The COVID-19 pandemic has had and will continue to have a profound impact on the lives of people across the globe, as well as health and social systems, and national economies. This upheaval will also have a profound impact on access to family planning information and services, as well as sexual and reproductive health more broadly.

Despite this disruption, the need for family planning will not change. For most women, family planning is critical, basic health care. As health systems shift to prevent and treat people with COVID-19, it is essential they also protect access to family planning services. Throughout the crisis, Family Planning 2020 will work with country and global partners to ensure family planning remains a priority service in countries’ COVID-19 response plans.

FP2020 will be sharing resources for maintaining access to family planning on our COVID-19 resource page. To contribute resources to the page, please email Cate Urban.

This includes ensuring women and girls still have access to a range of contraceptive methods of their choice, whether from health centers, pharmacies, or through delivery to their homes. We echo the U.N. Secretary-General’s call for access to contraception without prescription during the crisis. When regular health care services are disrupted, access to long-acting and emergency contraceptives becomes even more essential. In areas where communities have been ordered to shelter-in-place, people must be allowed to travel to seek sexual and reproductive health care.

We must ensure healthcare providers are still available for family planning service delivery. As the workforce shifts to testing for and treating people with COVID-19, or as health workers themselves fall victim to the virus, health systems must plan to ensure continuity of care, whether through partnering with non-traditional providers or using telehealth where available.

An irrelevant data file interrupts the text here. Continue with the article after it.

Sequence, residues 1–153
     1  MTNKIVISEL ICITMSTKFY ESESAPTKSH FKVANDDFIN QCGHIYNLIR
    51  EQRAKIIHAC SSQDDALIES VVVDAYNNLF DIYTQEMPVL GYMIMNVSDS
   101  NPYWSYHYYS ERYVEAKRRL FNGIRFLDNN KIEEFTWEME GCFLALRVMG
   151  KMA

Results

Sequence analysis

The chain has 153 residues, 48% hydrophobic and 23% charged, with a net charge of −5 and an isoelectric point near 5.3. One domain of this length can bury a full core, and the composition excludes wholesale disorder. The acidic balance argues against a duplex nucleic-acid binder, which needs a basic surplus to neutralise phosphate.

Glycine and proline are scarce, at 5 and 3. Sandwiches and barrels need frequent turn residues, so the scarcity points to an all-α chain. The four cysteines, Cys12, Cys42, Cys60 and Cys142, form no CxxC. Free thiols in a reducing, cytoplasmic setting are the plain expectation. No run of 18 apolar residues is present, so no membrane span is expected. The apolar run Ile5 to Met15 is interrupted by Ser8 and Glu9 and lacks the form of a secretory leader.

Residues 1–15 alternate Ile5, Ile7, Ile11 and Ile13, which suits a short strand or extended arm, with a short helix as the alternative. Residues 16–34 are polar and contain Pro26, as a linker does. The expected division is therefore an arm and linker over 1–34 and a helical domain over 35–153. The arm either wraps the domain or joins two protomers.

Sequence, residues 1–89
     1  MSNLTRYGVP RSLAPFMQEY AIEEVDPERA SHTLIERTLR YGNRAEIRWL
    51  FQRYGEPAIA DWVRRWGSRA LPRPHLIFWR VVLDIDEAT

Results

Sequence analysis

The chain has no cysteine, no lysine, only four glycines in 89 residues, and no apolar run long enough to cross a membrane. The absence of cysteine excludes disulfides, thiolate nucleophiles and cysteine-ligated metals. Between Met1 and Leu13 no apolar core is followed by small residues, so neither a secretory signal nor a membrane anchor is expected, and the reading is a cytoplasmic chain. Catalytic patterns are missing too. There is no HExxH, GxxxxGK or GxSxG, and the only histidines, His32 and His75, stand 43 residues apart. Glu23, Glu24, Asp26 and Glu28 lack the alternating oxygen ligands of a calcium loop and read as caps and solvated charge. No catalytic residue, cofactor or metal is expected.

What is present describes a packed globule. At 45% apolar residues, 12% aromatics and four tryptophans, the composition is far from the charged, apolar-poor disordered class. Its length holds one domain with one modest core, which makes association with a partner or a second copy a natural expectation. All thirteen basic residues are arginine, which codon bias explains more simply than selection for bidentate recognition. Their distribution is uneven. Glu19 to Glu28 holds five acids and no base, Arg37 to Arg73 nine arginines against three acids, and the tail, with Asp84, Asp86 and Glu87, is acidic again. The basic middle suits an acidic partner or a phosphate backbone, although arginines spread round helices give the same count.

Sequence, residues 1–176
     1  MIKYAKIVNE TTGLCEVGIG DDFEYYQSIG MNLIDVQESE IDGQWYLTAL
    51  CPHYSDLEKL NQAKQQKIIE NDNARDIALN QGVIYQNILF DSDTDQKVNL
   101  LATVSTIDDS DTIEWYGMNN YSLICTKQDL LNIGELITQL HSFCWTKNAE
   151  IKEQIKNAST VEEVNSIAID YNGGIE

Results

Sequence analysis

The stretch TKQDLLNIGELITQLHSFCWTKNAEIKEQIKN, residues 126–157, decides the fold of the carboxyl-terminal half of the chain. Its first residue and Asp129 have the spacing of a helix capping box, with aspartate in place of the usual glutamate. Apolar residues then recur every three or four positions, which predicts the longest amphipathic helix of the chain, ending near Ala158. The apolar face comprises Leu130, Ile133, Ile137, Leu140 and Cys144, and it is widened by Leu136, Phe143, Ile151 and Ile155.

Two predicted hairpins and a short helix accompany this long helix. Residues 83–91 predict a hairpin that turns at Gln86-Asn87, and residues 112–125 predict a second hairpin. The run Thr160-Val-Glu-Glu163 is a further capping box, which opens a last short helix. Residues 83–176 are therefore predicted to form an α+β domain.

To do this, country and their global partners must also ensure that supplies are available. With borders closed and production disrupted, this will require national health systems to partner with the private sector and others to ensure commodities can flow through supply chains — from manufacturer to the point of service.

Humanitarian agencies have extensive experience delivering critical reproductive health services, including family planning, in crisis settings. While health services have been disrupted, many of the lessons distilled by the Inter-Agency Working Group on Reproductive Health in Crises are applicable to ensuring that women continue to have access to contraception. 

As countries determine how to deliver essential health services in the face of this global pandemic, FP2020 has created a platform to ensure key information from global experts about access to family planning during this crisis is getting into the hands of the decisionmakers and program implementers who need it. Likewise, we will be sharing experiences of our country partners and the lessons they are learning, including how the virus is having an impact on their work and the strategies they are using to continue service delivery. We will disseminate these resources via email, social media, and through webinars in the coming days and weeks.

The freedom to make informed decisions about whether and when to have children does not end in a time of crisis. Family planning is a critical element of health care for women and girls and FP2020 and our partners will continue to work to ensure that all people have the care, services, and supplies they need.